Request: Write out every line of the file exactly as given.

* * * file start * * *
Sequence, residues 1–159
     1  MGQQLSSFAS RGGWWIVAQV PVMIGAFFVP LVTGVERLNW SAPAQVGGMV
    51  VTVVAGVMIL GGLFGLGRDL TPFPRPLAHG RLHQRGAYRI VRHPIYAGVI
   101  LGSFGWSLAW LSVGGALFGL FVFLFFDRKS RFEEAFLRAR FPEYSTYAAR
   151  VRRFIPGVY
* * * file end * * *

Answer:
Sequence, residues 1–159
     1  MGQQLSSFAS RGGWWIVAQV PVMIGAFFVP LVTGVERLNW SAPAQVGGMV
    51  VTVVAGVMIL GGLFGLGRDL TPFPRPLAHG RLHQRGAYRI VRHPIYAGVI
   101  LGSFGWSLAW LSVGGALFGL FVFLFFDRKS RFEEAFLRAR FPEYSTYAAR
   151  VRRFIPGVY